'Rifleman' Flemmi's opening salvo: Whitey Bulger was FBI informant
The former crime partner of James 'Whitey' Bulger testified Thursday that the two were FBI informants – and that Bulger took the lead in managing the relationship with the bureau. Meanwhile, in a bizarre twist, a potential witness turns up dead.
Boston — The former crime partner of gangster James “Whitey” Bulger testified Thursday that Mr. Bulger was a man of overbearing personality who took the lead in a “quid pro quo” relationship that the two had with the FBI as informants.
Stephen “The Rifleman” Flemmi said he worked with Bulger on a daily basis from the 1970s through the early 1990s, running criminal enterprises in Boston for big profits.
His testimony represents the capstone of a weeks-long case presented by federal prosecutors. Bulger is charged with 19 murders, and Flemmi is expected to say the two were co-conspirators in many of them.
Bulger, through his defense lawyers, is insisting he was never an FBI informant.
The arrival of Flemmi in the witness box also comes alongside news of a bizarre twist outside the courtroom – the sudden death of a potential witness at the trial. The body of Stephen Rakes turned up Wednesday afternoon in Lincoln, Mass. There were no obvious signs of trauma, the Middlesex District Attorney's Office said, and the cause of death is being evaluated by a medical examiner.
Mr. Rakes had said he hoped to testify about Bulger’s 1984 takeover of his liquor store. The store became a headquarters and a source of income for Bulger.
But last week another government witness gave an account of the store takeover that differed in some details from what Rakes had planned to say. Prosecutors removed him from their witness list, and he was disappointed about losing the chance to testify, according to some news reports.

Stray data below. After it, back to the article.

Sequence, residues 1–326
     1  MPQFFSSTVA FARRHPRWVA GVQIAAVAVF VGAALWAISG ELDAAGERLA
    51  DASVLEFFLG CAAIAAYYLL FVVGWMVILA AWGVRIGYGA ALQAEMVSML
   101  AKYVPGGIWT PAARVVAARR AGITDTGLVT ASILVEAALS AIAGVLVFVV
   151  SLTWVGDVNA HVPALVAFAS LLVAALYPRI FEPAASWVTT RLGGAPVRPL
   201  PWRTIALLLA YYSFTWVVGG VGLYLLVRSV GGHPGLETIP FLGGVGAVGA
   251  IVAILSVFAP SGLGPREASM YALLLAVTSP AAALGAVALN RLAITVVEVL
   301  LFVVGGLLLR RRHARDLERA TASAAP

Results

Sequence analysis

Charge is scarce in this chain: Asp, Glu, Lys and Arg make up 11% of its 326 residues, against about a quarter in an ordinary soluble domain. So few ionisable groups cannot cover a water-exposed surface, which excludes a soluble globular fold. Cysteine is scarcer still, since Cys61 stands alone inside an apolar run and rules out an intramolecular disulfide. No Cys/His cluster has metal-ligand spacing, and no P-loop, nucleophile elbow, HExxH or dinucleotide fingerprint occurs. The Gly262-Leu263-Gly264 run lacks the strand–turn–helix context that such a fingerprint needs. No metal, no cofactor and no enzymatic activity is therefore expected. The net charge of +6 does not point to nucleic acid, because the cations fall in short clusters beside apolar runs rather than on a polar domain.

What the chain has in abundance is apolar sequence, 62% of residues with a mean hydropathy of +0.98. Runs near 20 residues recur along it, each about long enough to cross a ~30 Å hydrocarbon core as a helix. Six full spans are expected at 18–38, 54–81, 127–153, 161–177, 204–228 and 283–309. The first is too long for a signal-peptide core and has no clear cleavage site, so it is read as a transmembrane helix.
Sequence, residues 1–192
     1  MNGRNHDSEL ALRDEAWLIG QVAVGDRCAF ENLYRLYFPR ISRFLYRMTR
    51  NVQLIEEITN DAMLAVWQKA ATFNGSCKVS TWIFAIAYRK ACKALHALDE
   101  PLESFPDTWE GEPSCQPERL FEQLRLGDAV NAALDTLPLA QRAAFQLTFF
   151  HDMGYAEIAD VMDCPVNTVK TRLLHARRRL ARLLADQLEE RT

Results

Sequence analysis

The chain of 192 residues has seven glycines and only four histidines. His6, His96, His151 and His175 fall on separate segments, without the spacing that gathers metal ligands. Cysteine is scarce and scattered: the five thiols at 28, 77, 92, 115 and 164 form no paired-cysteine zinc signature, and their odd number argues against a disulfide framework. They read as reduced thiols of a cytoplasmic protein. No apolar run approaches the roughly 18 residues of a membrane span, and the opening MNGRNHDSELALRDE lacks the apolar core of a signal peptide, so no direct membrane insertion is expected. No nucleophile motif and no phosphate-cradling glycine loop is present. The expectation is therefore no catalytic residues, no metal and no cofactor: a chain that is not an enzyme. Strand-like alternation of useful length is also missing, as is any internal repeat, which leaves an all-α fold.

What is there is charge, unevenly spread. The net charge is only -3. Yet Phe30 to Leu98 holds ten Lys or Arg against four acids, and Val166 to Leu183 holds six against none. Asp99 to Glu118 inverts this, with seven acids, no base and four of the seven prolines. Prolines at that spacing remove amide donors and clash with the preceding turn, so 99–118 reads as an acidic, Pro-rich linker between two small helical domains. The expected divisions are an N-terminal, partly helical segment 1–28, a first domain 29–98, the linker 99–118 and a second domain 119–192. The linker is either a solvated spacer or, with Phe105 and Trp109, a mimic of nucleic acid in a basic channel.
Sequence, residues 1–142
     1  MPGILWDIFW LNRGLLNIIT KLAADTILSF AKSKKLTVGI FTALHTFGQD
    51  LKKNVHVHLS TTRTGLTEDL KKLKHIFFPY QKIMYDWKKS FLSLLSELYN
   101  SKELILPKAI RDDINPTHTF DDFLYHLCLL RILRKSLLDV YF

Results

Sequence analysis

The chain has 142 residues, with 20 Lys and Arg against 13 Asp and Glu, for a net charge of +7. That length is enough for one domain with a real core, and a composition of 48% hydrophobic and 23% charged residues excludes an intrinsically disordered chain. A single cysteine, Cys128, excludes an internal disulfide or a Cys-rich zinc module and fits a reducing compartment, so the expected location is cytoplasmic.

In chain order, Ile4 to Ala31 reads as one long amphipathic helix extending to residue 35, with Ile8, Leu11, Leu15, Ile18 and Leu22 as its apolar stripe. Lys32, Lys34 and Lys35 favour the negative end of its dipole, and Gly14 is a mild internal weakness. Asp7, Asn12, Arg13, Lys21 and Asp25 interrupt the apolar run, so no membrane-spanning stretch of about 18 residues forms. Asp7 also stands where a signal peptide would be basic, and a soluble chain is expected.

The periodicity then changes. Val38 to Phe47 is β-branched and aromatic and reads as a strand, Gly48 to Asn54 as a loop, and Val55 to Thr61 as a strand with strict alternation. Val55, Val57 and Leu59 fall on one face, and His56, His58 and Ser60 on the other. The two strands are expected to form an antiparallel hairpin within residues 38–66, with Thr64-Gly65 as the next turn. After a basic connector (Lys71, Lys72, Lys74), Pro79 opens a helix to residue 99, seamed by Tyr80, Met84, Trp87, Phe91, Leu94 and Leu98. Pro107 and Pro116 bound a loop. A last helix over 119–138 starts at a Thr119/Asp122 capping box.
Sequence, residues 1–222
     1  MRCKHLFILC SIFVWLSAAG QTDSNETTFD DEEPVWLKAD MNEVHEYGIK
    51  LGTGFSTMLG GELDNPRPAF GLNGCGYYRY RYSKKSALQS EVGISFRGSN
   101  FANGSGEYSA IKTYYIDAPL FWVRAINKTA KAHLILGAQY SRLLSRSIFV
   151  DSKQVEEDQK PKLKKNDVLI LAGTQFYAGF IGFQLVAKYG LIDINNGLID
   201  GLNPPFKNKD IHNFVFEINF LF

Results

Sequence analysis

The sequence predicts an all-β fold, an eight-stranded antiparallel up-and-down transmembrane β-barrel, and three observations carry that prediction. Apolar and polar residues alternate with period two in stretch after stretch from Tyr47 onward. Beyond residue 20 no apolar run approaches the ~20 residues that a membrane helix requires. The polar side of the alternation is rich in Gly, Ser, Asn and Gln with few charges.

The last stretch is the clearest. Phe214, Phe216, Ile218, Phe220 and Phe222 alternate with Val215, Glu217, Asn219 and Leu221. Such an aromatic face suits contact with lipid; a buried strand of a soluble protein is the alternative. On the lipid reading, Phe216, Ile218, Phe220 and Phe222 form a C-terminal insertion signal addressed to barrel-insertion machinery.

Flemmi took the stand just minutes before the close of Thursday’s court session. During his short appearance, he came off as mentally sharp, not the least bit nervous … and by his own admission a killer.
He and Bulger haven’t seen each other in almost 20 years. With a federal indictment bearing down on them in 1994, Bulger escaped Boston and lived under a pseudonym for 16 years before being caught, while Flemmi was arrested and eventually confessed to 10 murders – escaping the death penalty through a deal with prosecutors.
Assistant US Attorney Fred Wyshak asked Flemmi what his relationship with Bulger was.
“Strictly criminal,” Flemmi replied.
He wore an olive green windbreaker-style jacket.
Much of his testimony is still to come, including the allegation that Bulger strangled two women – both connected to Flemmi – because of fear they might reveal compromising information, including the FBI relationship.
Flemmi said Thursday he and Bulger met with FBI agents “hundreds of times,” providing information on the New England Mafia and on smaller-time South Boston criminals.
Bulger’s lawyers have emphasized the other side of a corrupt relationship: that FBI personnel including Agent John Connolly provided information to Bulger and Flemmi that helped them evade indictment for years.
Flemmi said Bulger did most of the talking when the two met with Mr. Connolly or other agents, although Flemmi had often shared the information with Bulger before the meetings.
“He [Bulger] was the one that was really friendly with Connolly,” Flemmi testified.
Asked to describe Bulger’s personality, Flemmi said it was “forceful,” and “overbearing.” Still, he said they related to each other as friends.
On one occasion the two vacationed together in Europe on a trip that, according to other accounts, Bulger used as an opportunity to stash money for a potential life on the lam, should he ever need to flee from authorities.
Now, with former colleagues such as Flemmi testifiying against him, Bulger has exhibited some flashes of temper in the courtroom. On Thursday, according to The Boston Globe, Bulger and Flemmi exchanged some hostile words as they were leaving the courtroom.
This week has also seen testimony from other prosecution witnesses about Bulger’s extortion activities. Judging by the testimony, forceful is an understated way to describe his behavior.
Earlier during Thursday’s session, William David Lindholm described a meeting during his days as a marijuana smuggler when Bulger pulled a gun to make the point that he wanted a cut of Mr. Lindholm’s profits.
Defense attorney Jay Carney, cross-examining Lindholm, asked if Bulger wanted him to join under an umbrella of protection.
“No, I think it was under his umbrella of extortion,” Lindholm replied. “He wasn't protecting us from anything.”
Flemmi’s testimony is scheduled to continue Friday.